The Suave ad is taken from a massive set of Unilever ads this week. Unilever bought almost the entire space in that particular Valassis circular, and posted its ten-plus pages of ads with a running set of Unilever headings at the top, to make it clear that all these products were coming to you from the same company. I'm not sure if I can adequately express how weird this is, or how big a paradigm change it represents.

Ten years ago Unilever was the most deliberately obscure of all the massive consumer goods conglomerates, so much so that I made a point of noting every time I mentioned a Unilever product - most people didn't realize they even existed, let alone how much they owned and how varied their product segments were. They have a piece of everything. They own a goodly chunk of your supermarket. (Procter & Gamble and Kraft Foods are probably the only other two companies who own anything like the same amount of supermarket territory.)

Even if secrecy and/or obfuscation was not among their motives, they seemed to definitely have a philosophy of "individual branding" - that is, the products were promoted foremost as being their own names with their own identities, and the fact that they were all made and/or owned by a very large multinational named Unilever was considered to be not germane.

Now all of a sudden they have a snazzy logo and they are trying to build up an idea of "look, all these different products you use are from the same folks," - and I'm thinking, "Hmm, has there been a change in management at the top? Are they listening to a new business consultant? Have they read a new book?" (Old joke in a couple of software firms I've worked for: The thing to be most frightened of is a top-level manager who's just read a new book. Management-theory and marketing-theory books are the fad-diet and pop-philosophy books of the upper echelons of whitecollardom.)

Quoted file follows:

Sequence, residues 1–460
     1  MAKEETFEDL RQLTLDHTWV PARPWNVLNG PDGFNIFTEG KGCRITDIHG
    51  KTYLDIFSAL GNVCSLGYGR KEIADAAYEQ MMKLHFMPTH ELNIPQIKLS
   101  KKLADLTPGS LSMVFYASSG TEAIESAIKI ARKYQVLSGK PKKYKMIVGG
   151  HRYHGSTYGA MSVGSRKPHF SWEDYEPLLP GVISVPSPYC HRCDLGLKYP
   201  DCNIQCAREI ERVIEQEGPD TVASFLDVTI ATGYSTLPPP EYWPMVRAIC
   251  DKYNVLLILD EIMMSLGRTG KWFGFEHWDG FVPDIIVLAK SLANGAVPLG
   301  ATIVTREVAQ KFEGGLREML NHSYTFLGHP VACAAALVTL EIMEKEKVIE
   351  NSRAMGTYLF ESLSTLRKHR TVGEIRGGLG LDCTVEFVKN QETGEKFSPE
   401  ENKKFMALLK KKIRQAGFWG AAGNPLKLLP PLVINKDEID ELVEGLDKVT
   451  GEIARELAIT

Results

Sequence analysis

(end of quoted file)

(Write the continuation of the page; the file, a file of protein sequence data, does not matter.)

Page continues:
Whatever the reason - maybe they're smoking something interesting in Rotterdam - this is a very odd thing indeed. And Procter & Gamble appear to have caught the bug. At some point in the last couple of weeks (I had a backlog of circulars to go through, so I'm not sure of the timing) they did an advertising spread which dwarfed Unilever's. Unilever just bought a lot of Valassis space. P&G put in their own circular, twenty or so pages dedicated to nothing but the proposition that 1) all these products are P&G and 2) here are all the new things we are trying out; isn't it exciting?

Of course, I am delighted with all the new products, because they provide me with such a rich field of material. (Did you ever stop to think how few new products are actually good or useful? It's been a case of "throw everything against the wall and see what sticks" for years now.)

Just to mention a few tidbits in passing, and limiting myself to things from this P&G circular, we have: